Sustained high interest rates, the war in Ukraine, the unraveling of global trade networks, and now the new Mideast war have left the global economy “limping along, not sprinting,” the International Monetary Fund (IMF) said in an overview at its annual meeting last week.

The world’s GDP will grow by 3 percent this year but just 2.9 percent in 2024, the IMF predicted.

A series of shocks, including the COVID catastrophe, has robbed the global economy of $3.7 trillion in potential productivity since early 2020, the agency calculated.

The Hamas attack on Israel and Israel’s retaliation boosted oil prices about 4 percent, Pierre-Olivier Gourinchas, the IMF’s chief economist, noted. 

If the war drags out, widens, or cuts the flow of oil from Mideast producers, oil prices could rise by at least 10 percent, he said. That would shave 0.15 percent off global economic production and add 0.4 percent to inflation.

Neither Iraq, Kuwait, Saudi Arabia, nor the United Arab Emirates have risen in support of Hamas, indicating that none are likely to cut oil production because of the conflict, Carsten Fritsch, a commodities analyst at Commerzbank, told the Financial Times.

Global inflation will fall to 6.9 percent this year after reaching 8.7 percent last year, but will dip only to 5.8 percent in 2024, the IMF said.

The fund also cut back its economic growth projections for most of the world.

The 20-country Eurozone will scratch out a 0.7-percent increase this year, boosting it to 1.2 percent in 2024. Germany’s economy is on trend to contract 0.5 percent in 2023, but recover with a 0.9-percent gain next year.

Despite the Ukraine war and Western sanctions, Russia’s productivity will grow 2.2 percent this year, slipping to 1.1 percent in 2024. Much of the economic activity is in war-related production.

China’s GDP will expand by 5 percent this year, equaling Beijing’s growth target, the IMF said, but slip to 4.2 percent next year. Both figures are reduced from the IMF’s July projections.

The U.S. remains the world’s bright spot, matching last year’s 2.1-percent growth this year and growing by 1.5 percent in 2024. In July, the IMF had predicted only a 1-percent rise for the U.S. next year.

Due to wars, reshoring and “friendshoring” of supply chains, and 3,000 new trade strictures countries imposed last year, world trade will grow just 0.9 percent this year, but recover to a 3.4-percent expansion in 2024, according to the IMF.

TREND FORECAST: With the Western world now focused on the Israel War and support to keep funding the Ukraine weakening before the Hamas attack, we forecast that Kyiv will take drastic measures to get more money and munitions to fight the Russians. In an effort to regain political and popular support, Ukraine will do all they can to again capture headline news from which they have now disappeared from. Thus, they will launch a major false flag event, attack on a nuclear plant and/or strike at the heart of Moscow etc.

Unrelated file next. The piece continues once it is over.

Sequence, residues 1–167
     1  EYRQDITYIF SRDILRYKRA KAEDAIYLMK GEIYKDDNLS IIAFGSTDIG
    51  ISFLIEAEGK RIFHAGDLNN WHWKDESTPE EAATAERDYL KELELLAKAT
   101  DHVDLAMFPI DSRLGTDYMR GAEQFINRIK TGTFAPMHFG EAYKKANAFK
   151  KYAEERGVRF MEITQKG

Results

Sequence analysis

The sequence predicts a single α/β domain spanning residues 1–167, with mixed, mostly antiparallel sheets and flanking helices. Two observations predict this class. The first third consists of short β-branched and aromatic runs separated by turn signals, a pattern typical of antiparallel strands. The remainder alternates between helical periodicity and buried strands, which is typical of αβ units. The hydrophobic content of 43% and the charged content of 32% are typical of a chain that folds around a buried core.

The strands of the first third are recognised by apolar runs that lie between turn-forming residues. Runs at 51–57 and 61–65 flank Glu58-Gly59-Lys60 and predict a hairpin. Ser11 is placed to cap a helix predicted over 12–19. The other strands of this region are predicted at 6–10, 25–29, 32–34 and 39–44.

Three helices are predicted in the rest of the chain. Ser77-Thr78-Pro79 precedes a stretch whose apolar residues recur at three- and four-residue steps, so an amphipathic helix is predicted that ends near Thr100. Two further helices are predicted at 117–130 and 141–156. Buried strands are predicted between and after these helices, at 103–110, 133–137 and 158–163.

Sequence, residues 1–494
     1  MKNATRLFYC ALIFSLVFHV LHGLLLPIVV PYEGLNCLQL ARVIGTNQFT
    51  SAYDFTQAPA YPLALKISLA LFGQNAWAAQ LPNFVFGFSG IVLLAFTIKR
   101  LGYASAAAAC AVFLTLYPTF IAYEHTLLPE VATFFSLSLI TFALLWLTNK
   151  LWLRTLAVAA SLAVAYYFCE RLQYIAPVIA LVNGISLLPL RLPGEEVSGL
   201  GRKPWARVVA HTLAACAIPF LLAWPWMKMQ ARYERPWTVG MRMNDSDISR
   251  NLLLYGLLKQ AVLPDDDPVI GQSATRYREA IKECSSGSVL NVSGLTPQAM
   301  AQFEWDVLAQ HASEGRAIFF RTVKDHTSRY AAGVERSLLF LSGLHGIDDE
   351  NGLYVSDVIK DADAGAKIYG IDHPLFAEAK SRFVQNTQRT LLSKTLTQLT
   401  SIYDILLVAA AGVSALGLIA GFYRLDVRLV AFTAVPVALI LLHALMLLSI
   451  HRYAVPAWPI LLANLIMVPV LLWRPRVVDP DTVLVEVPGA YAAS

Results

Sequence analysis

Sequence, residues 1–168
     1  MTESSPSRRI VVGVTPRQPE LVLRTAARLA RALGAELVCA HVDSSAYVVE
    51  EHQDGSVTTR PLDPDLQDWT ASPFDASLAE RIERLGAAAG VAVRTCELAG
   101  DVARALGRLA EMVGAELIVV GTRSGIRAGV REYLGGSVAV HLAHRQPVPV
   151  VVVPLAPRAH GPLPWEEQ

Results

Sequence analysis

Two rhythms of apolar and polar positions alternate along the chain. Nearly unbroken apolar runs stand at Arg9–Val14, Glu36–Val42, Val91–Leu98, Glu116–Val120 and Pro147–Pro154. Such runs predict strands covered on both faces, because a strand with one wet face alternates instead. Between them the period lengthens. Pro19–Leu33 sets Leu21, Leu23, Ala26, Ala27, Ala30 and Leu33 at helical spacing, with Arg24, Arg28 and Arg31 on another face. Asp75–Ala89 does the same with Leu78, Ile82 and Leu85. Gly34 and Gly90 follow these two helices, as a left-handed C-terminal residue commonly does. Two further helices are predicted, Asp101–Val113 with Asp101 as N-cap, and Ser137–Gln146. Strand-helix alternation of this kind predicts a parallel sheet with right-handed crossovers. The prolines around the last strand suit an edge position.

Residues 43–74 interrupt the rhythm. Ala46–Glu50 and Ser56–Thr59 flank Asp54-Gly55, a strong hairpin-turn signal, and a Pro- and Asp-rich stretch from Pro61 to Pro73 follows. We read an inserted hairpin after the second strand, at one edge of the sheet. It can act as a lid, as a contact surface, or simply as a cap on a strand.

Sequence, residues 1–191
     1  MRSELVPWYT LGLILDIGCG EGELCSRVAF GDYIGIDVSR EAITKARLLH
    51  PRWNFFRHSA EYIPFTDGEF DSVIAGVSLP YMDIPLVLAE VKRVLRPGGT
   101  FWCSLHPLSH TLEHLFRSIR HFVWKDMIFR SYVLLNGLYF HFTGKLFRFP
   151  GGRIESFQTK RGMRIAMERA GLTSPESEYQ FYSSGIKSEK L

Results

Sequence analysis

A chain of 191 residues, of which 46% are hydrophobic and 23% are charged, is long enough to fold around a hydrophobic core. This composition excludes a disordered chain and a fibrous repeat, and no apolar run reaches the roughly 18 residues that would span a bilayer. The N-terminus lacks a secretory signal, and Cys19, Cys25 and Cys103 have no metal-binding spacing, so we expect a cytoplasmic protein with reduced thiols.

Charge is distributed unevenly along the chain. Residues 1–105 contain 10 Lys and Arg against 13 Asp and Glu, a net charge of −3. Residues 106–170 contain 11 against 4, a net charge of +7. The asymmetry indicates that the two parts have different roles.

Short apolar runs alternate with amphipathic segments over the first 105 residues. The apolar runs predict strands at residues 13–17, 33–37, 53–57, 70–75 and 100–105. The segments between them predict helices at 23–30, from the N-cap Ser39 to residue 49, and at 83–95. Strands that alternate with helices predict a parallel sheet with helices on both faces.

This in turn will drive up oil, gas and other commodity prices while putting more downward pressure on global economic growth. 

Middle East Meltdown

The world economy has been “limping along,” the International Monetary Fund (IMF) said last week at its annual meeting. Now the war between Hamas and Israel could drive global inflation higher again and hobble the already uneven worldwide economic recovery.

Any conflict in the Mideast has the potential to disrupt the oil market, which likely would send a wave of tumult through every economic sector.

“Economies are at a delicate state,” Ajay Banga, president of the World Bank, said in a Wall Street Journal interview last week. “War is not helpful for central banks trying to find their way to a soft landing.”

So far, the Middle East war has had less global economic impact than the war in Ukraine, he said, “but if this [conflict] were to spread, then it becomes dangerous” and could bring “a crisis of unimaginable proportions.”

Oil prices have already been rising after OPEC+, chiefly Saudi Arabia and Russia, have held to production cutbacks they made in 2022 and earlier this year.

If the war raises oil’s price by 10 percent, the world economy would lose 0.15 of a percent in GDP and inflation would rise by 0.4 percent, the IMF has calculated.

The IMF has held to its forecast of a worldwide 3-percent GDP growth this year but has trimmed its outlook for 2024 to 2.9 percent.

Before Hamas attacked Israel, the IMF predicted the 20-country Eurozone’s economy would squeak out 0.7-percent growth next year, compared to 3.3 percent in 2022. Germany, Europe’s chief economic engine, is seen as shrinking by 0.5 percent this year, then expanding by 0.9 percent in 2024.

This year, the U.K.’s economy will grow by only 0.5 percent. It expanded by 4.1 percent in 2022, according to IMF calculations.

Sub-Saharan Africa’s economy will pucker by 3.3 percent this year as nations there stagger under a debt load equal to 60 percent of the region’s total economic production, twice the debt of a decade ago, according to the IMF.

TREND FORECAST: As we have forecast, should the United States and Israel militarily confront Iran, it will turn a terrible economic future into a horribly destructive one. Not only will inflation spike, equities and the global economy will crash.

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